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The Dragon in Chinese Iconography and Culture

The dragon is the fifth of the 12 animals in the Chinese zodiac, which is used to designate years in the Chinese calendar.

Mythology

According to Chinese mythology, the legendary Yellow Emperor Huangdi (said to have reigned during the 3rd millennium BC) was immortalized into a dragon at the end of his reign and ascended to Heaven. Since the Chinese consider Huangdi as one of their ancestors, they sometimes refer to themselves as "the descendants of the dragon”.

The legends also contributed towards the use of the Chinese dragon as a symbol of regal power already from the Zhou dynasty (1046-256 BC). The imperial throne is known as the Dragon Throne. The dragon is featured in the carvings on the steps of imperial palaces and tombs, such as the Forbidden City in Beijing.

Symbolism

In contrast to European dragons, which are considered evil, Chinese dragons traditionally symbolise auspicious powers.

The dragon is also a symbol of authority, strength, and good luck. In Chinese daily language, excellent and outstanding people are compared to the dragon while incapable people with no achievements are compared with other, disesteemed creatures, such as the worm. Chinese proverbs and idioms refer to the good qualities of the dragon.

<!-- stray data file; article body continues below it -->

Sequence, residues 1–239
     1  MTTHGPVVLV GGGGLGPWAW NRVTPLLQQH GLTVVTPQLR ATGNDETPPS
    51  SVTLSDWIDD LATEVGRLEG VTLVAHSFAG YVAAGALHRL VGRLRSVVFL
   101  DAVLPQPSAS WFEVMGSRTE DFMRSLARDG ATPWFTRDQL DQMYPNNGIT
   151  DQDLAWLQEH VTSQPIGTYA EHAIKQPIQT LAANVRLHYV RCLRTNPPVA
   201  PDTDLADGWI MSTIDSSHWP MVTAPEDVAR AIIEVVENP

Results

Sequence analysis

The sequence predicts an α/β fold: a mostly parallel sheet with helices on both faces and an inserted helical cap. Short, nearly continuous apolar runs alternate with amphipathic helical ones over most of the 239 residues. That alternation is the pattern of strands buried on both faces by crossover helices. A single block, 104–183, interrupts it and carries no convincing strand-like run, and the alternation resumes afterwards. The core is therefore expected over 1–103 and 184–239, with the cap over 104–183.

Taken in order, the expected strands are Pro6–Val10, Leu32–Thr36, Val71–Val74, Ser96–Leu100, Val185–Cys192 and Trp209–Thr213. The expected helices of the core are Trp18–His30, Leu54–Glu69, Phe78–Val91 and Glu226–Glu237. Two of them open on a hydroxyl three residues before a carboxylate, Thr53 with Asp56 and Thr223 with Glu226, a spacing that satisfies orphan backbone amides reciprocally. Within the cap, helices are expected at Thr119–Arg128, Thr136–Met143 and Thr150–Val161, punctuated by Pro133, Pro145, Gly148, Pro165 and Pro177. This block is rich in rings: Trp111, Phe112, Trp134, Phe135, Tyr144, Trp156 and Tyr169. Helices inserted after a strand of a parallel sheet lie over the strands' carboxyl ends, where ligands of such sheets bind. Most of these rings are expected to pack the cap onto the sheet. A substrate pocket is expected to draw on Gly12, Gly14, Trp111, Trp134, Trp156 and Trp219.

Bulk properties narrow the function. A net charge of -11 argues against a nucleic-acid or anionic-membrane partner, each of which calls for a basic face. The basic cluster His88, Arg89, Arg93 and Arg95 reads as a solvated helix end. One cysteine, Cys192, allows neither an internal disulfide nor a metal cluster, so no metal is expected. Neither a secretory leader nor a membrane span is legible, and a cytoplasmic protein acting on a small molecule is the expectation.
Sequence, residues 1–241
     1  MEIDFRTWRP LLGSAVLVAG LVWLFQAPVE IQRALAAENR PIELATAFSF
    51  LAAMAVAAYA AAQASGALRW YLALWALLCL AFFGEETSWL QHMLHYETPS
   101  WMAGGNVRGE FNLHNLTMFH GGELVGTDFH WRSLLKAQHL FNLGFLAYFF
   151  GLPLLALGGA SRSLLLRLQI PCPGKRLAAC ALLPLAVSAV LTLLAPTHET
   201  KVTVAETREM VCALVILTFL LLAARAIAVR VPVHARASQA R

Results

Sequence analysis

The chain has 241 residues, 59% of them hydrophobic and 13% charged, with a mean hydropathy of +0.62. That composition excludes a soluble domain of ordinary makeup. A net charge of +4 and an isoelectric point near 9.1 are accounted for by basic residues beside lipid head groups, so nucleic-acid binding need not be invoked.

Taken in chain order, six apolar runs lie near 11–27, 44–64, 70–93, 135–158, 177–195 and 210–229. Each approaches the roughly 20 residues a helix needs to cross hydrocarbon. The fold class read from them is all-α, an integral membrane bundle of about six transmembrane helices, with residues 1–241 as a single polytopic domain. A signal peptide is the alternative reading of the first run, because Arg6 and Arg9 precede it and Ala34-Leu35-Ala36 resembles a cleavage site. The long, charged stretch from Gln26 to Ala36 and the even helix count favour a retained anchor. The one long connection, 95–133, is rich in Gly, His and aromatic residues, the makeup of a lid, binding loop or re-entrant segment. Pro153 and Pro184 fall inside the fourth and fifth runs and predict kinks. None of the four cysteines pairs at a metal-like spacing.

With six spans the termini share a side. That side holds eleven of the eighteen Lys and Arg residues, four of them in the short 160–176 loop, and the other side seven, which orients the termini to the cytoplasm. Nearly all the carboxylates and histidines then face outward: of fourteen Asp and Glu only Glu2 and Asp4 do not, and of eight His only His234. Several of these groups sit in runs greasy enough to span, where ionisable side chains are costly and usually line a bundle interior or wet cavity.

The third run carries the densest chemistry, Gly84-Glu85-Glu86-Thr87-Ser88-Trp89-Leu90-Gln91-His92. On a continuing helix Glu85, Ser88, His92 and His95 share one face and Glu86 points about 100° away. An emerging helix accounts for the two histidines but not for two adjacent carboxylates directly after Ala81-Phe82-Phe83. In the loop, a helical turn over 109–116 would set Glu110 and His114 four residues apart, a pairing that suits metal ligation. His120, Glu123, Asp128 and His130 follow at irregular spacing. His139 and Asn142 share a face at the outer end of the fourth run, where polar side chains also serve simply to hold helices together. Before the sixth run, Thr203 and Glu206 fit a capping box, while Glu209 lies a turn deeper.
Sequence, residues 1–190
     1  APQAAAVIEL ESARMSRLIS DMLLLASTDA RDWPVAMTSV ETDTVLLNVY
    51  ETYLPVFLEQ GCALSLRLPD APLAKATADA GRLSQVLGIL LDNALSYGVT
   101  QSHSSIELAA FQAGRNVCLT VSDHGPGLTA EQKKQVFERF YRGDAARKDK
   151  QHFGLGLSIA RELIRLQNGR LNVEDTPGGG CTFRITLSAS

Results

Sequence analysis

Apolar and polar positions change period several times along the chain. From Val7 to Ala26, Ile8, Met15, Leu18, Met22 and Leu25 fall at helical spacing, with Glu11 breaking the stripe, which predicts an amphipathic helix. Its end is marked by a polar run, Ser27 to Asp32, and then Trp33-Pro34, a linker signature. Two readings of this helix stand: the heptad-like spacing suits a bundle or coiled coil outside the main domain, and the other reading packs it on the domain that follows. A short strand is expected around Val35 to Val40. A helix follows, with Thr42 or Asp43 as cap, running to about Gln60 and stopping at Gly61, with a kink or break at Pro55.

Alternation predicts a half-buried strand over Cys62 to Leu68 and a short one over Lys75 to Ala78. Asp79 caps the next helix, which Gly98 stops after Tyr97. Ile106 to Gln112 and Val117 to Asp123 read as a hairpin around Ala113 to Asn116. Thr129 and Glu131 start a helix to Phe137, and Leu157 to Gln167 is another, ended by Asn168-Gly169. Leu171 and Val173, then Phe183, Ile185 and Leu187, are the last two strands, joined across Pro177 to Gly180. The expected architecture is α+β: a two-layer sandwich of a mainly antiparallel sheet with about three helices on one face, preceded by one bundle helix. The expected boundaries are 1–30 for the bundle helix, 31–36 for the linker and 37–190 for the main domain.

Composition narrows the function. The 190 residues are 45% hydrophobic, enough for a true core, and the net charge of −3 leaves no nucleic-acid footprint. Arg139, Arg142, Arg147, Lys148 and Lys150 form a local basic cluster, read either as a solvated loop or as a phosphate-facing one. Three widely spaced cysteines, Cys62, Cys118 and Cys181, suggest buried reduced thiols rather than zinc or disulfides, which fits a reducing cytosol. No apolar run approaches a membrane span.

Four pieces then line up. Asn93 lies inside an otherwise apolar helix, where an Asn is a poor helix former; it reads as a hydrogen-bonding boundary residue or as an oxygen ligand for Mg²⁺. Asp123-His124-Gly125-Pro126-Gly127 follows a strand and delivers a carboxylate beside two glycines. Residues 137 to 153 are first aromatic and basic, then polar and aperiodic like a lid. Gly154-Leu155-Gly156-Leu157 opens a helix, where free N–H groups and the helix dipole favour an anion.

Origins

The origin of the Chinese dragon is not certain. The presence of dragons within Chinese culture dates back to the fifth millennium BC from the relics found in neolithic cultures. Some scholars believe that the Chinese dragon form originated as a merger of totems of various tribes.The coiled dragon form played an important role in early Chinese culture. The character for "dragon" in the earliest Chinese writing has a similar coiled form, as do jade dragon amulets from the Shang period.

Some have further suggested that the Chinese dragon form comes from stylised depictions of existing animals, such as snakes, fish, or crocodiles. The crocodile's ability to accurately sense changes in air pressure, and to sense coming rain may have been the origin of the dragon's mythical attributes in controlling the weather, especially the rain.